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Although the scale-space theory presented so far provides a
well-founded framework for representing and detecting image structures
at multiple scales, it does not address the problem of how to
select locally appropriate scales for further analysis.
Whereas the problem of finding ``the best scales'' for
handling a given real-world data set may be regarded as
intractable unless further information is available,
there are many situations in which a mechanism is required for generating
hypotheses about interesting scales.
A general methodology for feature detection with automatic
scale selection has been proposed in [, ].
The approach is based on the evolution over scales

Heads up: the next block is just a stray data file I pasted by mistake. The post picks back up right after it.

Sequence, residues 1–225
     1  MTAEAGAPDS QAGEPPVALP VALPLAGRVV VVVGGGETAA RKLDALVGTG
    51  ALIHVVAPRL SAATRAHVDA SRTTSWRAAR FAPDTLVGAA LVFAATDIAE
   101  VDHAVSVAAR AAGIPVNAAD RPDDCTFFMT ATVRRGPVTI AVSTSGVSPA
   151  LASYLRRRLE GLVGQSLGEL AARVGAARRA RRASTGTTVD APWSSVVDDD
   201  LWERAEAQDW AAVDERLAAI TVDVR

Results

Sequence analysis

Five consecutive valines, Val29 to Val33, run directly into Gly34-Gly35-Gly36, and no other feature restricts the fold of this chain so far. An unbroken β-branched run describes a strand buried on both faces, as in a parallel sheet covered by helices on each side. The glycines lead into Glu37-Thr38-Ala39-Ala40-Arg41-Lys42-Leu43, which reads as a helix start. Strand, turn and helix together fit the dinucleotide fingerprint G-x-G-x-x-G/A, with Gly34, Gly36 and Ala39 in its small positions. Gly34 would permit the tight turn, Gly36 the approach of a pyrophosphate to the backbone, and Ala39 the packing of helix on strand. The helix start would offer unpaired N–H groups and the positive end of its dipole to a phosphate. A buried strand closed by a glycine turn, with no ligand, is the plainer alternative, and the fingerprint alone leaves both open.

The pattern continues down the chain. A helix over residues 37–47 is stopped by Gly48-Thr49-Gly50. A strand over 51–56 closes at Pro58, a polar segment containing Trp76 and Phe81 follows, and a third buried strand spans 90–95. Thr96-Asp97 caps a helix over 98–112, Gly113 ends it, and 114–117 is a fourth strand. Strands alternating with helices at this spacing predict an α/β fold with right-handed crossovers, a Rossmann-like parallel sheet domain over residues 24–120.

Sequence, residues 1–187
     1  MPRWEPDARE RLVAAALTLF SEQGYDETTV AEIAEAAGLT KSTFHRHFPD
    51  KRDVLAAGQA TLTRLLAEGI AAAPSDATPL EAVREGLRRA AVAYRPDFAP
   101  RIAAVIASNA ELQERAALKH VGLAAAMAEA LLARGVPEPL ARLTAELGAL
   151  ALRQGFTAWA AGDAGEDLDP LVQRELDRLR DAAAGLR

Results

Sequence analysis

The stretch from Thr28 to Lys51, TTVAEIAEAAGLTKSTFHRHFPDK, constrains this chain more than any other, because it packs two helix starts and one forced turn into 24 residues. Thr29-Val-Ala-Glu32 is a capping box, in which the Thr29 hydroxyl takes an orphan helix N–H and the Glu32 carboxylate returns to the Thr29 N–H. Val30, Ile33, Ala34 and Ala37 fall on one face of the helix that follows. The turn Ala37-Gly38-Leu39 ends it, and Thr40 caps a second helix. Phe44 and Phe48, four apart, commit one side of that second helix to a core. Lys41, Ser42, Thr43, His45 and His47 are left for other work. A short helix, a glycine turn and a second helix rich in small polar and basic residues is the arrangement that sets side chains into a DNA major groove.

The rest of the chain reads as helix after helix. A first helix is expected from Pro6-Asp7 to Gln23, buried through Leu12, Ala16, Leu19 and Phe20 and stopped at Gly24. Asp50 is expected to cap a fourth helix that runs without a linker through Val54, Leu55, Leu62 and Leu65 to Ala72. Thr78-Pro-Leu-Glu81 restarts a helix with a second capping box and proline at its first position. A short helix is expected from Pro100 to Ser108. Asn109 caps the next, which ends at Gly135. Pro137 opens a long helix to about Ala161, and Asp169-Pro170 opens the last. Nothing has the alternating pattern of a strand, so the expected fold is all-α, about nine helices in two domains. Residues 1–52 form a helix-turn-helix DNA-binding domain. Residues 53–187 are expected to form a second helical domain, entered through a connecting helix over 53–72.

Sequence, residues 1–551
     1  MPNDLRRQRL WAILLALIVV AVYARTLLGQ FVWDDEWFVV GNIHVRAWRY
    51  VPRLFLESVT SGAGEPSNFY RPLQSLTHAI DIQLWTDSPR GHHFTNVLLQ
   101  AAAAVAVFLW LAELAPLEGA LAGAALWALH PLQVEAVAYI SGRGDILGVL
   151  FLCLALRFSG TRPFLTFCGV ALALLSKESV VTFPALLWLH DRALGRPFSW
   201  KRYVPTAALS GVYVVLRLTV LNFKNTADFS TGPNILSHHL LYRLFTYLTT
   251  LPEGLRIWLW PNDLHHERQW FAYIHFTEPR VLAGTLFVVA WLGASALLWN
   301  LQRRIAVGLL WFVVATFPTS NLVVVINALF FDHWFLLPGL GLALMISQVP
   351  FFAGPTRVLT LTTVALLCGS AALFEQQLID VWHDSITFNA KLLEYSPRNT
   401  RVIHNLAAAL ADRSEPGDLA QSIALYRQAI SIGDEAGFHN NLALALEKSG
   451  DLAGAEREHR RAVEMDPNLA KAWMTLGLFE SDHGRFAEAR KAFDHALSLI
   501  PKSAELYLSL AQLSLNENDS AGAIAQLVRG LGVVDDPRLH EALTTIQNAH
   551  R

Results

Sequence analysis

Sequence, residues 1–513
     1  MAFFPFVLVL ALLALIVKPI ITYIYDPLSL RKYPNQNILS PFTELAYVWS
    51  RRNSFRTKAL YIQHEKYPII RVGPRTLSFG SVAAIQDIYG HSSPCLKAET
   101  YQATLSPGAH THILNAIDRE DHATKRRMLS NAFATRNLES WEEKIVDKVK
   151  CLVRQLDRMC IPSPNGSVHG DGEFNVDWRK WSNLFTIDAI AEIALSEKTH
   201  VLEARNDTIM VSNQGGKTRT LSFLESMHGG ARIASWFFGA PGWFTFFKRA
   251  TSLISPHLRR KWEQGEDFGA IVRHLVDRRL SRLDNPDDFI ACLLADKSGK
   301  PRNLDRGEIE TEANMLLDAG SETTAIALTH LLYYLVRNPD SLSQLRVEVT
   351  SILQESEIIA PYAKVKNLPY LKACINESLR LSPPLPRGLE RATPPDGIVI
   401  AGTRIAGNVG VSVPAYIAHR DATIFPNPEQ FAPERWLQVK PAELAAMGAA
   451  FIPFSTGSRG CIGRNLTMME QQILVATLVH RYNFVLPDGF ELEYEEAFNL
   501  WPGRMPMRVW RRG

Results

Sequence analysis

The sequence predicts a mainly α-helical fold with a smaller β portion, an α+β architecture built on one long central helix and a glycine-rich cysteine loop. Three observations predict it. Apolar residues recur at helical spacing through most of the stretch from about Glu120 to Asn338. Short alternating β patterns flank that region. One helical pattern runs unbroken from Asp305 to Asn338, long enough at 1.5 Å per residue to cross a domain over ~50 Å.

of (possibly non-linear) combinations of
normalized derivatives defined by
Figures 6-15 show a few examples of integrating this scale selection mechanism with the differential geometric feature detectors considered in section 4. Here, the extracted features have been illustrated graphically in two ways; (i) as two-dimensional spatial projections onto the image plane, and (ii) as three-dimensional entities in scale-space, with the height over the image plane representing the selected scales.
Next: Edge detection. Up: Scale-space: A framework for Previous: Corner detection and blob Tony Lindeberg
Tue Jul 1 14:57:47 MET DST 1997